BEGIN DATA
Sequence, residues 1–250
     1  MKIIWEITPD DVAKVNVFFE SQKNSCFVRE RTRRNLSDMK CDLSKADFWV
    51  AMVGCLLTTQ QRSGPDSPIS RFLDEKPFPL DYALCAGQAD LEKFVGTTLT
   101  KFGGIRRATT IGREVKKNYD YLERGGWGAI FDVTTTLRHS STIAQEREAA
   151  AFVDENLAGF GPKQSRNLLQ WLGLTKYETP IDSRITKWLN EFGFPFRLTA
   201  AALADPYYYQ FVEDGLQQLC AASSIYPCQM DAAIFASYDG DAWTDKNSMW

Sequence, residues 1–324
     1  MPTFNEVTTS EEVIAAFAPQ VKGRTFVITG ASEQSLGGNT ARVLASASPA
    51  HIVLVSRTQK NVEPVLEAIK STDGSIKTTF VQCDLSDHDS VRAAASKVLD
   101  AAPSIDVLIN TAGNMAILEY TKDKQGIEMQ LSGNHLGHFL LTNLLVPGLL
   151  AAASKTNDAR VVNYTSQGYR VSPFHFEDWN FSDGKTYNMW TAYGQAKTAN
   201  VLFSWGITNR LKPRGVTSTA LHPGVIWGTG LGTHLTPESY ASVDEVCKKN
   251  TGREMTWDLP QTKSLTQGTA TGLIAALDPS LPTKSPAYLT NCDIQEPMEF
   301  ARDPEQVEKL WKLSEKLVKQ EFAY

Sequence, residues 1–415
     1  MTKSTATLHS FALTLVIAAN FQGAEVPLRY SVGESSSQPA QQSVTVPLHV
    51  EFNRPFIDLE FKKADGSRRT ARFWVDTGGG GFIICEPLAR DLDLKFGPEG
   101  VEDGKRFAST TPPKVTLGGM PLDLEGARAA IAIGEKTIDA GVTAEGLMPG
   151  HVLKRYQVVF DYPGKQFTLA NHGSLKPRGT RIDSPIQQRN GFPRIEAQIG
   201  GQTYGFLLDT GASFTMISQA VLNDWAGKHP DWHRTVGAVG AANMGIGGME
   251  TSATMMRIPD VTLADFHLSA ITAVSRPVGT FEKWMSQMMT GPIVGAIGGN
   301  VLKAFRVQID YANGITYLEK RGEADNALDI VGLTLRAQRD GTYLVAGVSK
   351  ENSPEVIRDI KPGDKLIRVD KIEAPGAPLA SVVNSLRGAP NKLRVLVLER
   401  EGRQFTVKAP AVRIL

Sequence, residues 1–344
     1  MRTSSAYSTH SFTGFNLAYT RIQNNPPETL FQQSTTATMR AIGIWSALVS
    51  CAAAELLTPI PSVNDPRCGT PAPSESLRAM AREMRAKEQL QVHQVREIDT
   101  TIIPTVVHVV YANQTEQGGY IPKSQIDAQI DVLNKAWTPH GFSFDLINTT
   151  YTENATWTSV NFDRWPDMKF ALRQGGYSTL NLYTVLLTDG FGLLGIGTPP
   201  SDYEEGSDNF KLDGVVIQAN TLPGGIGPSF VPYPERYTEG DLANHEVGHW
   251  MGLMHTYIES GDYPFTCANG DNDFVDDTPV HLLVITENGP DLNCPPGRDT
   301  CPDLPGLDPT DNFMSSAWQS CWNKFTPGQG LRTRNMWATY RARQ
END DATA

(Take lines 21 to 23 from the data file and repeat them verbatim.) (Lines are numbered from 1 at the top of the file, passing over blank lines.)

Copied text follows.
   251  TSATMMRIPD VTLADFHLSA ITAVSRPVGT FEKWMSQMMT GPIVGAIGGN
   301  VLKAFRVQID YANGITYLEK RGEADNALDI VGLTLRAQRD GTYLVAGVSK
   351  ENSPEVIRDI KPGDKLIRVD KIEAPGAPLA SVVNSLRGAP NKLRVLVLER